Board control breaking the fans' Hearts
Hearts began to take on the monopoly enjoyed by Celtic and Rangers in the Scottish Premier League, with an unbeaten record from 12 leagues games so far. George Burley came to Tynecastle from Derby County in the summer and the side took on form from the start of the season. Their one defeat under Burley came in the CIS Insurance Cup to Livingston, whom they had beaten in the league previously. Then suddenly, after 10 games in charge, unbeaten, top of the league, Burley leaves Hearts over "irreconcilable differences" with Lithuanian major shareholder Vladimir Romanov.
Today the chief executive Phil Anderton was sacked, allegedly after a board decision, and the chairman George Foulkes resigned in protest to the sacking. Romanov's son, Roman Romanov, is to take over the position of chairman, and that of chief executive "on a temporary basis... pending a further appointment".
Foulkes stated "I'm devastated at the way in which some of my colleagues on the board took a decision against my advice to sack Phil Anderton as chief executive. I was unhappy last week about the sacking of George Burley but we got bounced into it and we had to go along with it. And this weekend we get another situation where all weekend we've had the Lithuanians trying to twist my arm into going along with the sacking of Phil Anderton. I just don't want to be part of that. I just find the ruthlessness unacceptable."
Hearts suffered their first league defeat against Hibernian on Saturday, the third game in charge for caretaker John McGlynn. Romanov stated he didn't think the chairman and chief executive had performed well enough in the interest of the club. "They've had over one year and not been able to do the things I've wanted to do for Hearts. They've had the funds and all my energy but I've not had the response I've wanted."
"I have no intention of walking away from Hearts at this time."
I'm not aware anyone has suggested to Romanov if he would. He is said to have offered to buy out the other shareholders. Romanov mentioned "they", though the initial board decision only concerned Anderton's position, not Foulkes'. Foulkes would still be chairman right now, unless he also resigned because he felt his position was under threat constructively from Romanov's influence, as well as in protest to Anderton's sacking. In other words, Foulkes would still be chairman, contradicting Romanov's opinion of him, for if the chairman was performing in contrast to the interests of the club, why keep him on? Any board decision would concern both positions.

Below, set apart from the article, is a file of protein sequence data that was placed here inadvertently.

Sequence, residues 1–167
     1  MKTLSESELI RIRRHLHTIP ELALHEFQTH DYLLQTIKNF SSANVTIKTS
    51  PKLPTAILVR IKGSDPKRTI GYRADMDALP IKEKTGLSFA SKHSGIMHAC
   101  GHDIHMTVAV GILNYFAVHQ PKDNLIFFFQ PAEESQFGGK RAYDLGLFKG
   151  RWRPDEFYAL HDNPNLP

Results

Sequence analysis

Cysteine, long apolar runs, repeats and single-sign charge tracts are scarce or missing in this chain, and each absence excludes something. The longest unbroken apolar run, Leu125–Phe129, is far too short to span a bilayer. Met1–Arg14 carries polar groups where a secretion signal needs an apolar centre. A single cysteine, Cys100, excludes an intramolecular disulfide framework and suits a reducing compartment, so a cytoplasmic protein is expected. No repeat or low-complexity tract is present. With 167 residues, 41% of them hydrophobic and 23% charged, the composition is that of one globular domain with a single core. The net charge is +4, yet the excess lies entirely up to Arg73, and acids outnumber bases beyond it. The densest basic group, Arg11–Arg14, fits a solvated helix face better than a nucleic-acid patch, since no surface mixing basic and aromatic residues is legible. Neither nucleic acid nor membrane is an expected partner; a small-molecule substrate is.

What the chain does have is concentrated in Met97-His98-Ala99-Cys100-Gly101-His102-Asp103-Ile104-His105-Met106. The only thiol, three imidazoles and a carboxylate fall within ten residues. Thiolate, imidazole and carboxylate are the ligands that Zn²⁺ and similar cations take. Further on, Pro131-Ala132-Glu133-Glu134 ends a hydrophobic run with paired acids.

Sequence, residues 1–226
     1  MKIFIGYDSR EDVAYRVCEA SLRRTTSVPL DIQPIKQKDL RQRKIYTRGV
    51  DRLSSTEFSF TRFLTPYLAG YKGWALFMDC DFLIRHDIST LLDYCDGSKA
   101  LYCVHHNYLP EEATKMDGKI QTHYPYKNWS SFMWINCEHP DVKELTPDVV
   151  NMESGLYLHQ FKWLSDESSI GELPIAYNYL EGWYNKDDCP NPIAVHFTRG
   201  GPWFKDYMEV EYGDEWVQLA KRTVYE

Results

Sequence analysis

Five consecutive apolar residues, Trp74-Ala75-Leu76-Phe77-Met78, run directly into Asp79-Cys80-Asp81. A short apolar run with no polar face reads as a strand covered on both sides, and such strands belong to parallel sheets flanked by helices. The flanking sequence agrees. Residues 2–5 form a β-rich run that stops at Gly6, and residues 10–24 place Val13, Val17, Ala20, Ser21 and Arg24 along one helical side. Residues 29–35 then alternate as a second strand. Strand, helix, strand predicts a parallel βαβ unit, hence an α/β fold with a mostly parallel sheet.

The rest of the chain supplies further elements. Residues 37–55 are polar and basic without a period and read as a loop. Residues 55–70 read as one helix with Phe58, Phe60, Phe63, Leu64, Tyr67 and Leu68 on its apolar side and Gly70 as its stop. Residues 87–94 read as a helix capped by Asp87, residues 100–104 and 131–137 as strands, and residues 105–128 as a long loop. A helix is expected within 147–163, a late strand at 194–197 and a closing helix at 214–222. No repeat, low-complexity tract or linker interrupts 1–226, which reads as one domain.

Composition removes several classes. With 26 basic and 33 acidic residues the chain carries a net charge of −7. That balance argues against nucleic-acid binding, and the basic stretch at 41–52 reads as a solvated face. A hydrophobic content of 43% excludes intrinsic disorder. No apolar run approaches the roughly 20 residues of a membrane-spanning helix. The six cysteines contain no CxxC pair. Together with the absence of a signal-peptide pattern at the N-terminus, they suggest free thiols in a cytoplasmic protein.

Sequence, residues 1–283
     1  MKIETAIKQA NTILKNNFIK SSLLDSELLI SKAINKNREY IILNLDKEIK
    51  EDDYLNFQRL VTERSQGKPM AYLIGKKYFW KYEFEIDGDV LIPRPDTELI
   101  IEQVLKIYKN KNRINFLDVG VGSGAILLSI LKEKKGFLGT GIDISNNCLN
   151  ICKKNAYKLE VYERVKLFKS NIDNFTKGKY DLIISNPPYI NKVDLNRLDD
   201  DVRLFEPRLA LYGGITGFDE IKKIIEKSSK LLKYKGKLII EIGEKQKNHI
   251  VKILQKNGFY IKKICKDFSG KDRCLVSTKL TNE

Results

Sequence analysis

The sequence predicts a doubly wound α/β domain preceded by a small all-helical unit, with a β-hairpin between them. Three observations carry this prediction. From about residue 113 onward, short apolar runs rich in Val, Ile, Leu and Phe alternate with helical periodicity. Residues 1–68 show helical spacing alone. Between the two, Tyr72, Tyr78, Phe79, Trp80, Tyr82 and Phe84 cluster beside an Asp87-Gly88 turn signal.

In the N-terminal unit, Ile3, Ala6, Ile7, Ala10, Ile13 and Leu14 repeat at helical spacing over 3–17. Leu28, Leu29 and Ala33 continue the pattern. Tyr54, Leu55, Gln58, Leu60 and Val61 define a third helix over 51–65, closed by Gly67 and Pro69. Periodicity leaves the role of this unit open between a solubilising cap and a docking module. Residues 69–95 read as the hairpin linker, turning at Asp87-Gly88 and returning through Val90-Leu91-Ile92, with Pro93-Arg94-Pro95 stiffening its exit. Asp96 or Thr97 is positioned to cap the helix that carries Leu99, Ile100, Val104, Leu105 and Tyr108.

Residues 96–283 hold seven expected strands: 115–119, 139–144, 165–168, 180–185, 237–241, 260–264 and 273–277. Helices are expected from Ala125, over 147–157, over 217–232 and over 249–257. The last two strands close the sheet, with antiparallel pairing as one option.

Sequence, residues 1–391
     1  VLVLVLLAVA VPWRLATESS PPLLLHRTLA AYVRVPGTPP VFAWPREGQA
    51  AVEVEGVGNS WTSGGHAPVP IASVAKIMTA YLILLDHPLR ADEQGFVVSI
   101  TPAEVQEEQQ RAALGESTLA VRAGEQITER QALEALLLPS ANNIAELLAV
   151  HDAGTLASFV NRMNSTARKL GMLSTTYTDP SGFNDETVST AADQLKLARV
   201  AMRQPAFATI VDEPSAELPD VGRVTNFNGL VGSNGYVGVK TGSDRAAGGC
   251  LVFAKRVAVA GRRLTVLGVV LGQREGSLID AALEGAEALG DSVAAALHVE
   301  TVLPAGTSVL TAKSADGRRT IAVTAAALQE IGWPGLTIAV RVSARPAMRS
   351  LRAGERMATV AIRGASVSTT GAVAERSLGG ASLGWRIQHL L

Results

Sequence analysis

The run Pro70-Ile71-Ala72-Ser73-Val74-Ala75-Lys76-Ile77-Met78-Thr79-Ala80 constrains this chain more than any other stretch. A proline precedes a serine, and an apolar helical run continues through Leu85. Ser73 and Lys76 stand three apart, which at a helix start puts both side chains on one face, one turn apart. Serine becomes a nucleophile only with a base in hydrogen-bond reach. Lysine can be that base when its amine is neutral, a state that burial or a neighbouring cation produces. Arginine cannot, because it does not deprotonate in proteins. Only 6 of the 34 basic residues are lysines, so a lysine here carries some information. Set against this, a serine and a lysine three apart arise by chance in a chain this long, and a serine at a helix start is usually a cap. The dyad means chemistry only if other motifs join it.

When Burley departed, Foulkes said: "It is important that we look to the future. The club is greater than any individual. We want to compete with Celtic and Rangers for a Champions League place and we will take the time necessary to find a top class manager. Naturally, I'm not happy at having to make this statement but there is no point looking to the past.
"We are determined to go from strength to strength."
It seems bizarre, for want of a better word. Burley has turned the fortunes of the club instantly, they topped the league, held Celtic to a draw, beaten Rangers. One league defeat isn't an instant catastrophe but the writing is emerging on the wall with the backroom fiasco. The manager, chief executive, the chairman, gone not in 60 seconds but 9 days. No doubt a change in management staff if or when a new manager comes in, and the no.1 spot has been claimed by Celtic over the weekend. It's sounding messy. And if results begin to go negative, the fans will launch blame at the board, who will then want to turn to Mr Romanov to complain and then realise they can't.
After Burley's exit was announced, one fan is quoted to have said "Let's just hope Romanov knows what he is doing."
After the announcement of the chief executive and chairman having left too, another is quoted: "Do you honestly think Hearts have to be successful for Romanov to be successful? He has another agenda."
I have to say it sounds very suspicious to me.